Hot or Cold Water When Washing Your Hands?

(CDC)

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Hot water or cold water for washing hands? It might not make a difference.

FOX's Alex Hein explains in "Housecall for Health":

This is Housecall for Health.

Sure, the U.S. Food and Drug Administration recommends a minimum handwashing temperature of at least 100 degrees to kill harmful bacteria, but could we be scorching ourselves for no reason?

Researchers at Rutgers University will have you thinking so, as their new findings suggest that washing hands in cold water is just as effective as washing them in blazing hot water.

Instead of focusing on the temperature, researchers concluded that technique can remove contaminants just as well as long as sanitary products are used.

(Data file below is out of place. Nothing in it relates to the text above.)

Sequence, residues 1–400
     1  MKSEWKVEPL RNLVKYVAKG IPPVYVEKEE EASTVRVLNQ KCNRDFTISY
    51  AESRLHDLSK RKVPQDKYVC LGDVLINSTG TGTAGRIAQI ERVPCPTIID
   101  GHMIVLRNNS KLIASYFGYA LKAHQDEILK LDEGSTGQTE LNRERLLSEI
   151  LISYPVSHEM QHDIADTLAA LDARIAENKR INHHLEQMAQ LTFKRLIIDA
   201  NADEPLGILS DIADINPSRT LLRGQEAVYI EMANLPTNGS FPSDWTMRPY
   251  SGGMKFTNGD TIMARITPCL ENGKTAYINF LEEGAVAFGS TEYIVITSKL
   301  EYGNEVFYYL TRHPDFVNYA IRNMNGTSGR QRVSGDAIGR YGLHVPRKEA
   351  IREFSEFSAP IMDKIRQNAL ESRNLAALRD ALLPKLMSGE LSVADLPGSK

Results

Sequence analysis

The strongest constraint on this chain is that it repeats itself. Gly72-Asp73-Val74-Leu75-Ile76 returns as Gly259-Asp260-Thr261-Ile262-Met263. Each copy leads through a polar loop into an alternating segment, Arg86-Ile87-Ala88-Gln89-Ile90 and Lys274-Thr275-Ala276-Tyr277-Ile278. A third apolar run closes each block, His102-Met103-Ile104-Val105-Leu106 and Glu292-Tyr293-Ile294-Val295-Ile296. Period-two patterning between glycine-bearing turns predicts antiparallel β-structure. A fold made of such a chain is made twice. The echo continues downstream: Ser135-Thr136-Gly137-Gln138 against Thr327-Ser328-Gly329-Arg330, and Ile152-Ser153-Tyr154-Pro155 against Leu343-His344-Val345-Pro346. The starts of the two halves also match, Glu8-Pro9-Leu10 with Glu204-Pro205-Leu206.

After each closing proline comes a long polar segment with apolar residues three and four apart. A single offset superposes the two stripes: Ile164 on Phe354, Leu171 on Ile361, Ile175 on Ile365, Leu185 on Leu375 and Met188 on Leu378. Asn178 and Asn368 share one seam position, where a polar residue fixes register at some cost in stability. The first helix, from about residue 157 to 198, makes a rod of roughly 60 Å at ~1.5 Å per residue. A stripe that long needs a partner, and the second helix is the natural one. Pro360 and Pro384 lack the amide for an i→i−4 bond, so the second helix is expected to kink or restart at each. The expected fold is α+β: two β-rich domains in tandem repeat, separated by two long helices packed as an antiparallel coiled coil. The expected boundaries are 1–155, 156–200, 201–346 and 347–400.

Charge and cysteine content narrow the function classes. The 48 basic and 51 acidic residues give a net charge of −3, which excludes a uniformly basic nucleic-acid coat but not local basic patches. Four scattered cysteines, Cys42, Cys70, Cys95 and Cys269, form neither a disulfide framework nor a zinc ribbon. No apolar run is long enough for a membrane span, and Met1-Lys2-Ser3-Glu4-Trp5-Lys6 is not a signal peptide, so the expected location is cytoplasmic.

One of the study leads said safety is really going to come down to what a person feels comfortable doing when washing their hands, whether its doing so in colder water or warmer water, so that time is dedicated to properly scrubbing and ridding of bacteria.

The team said their results should cause the FDA to consider changing its policy for handwashing guidelines, and believe that it could save energy in things like dishwashers and washing machines.

For more on this story, check FOXNewsHealth.com.

Housecall for Health, I'm Alex Hein, FOX News.

Follow Alex Hein on Twitter: @Ahlex3889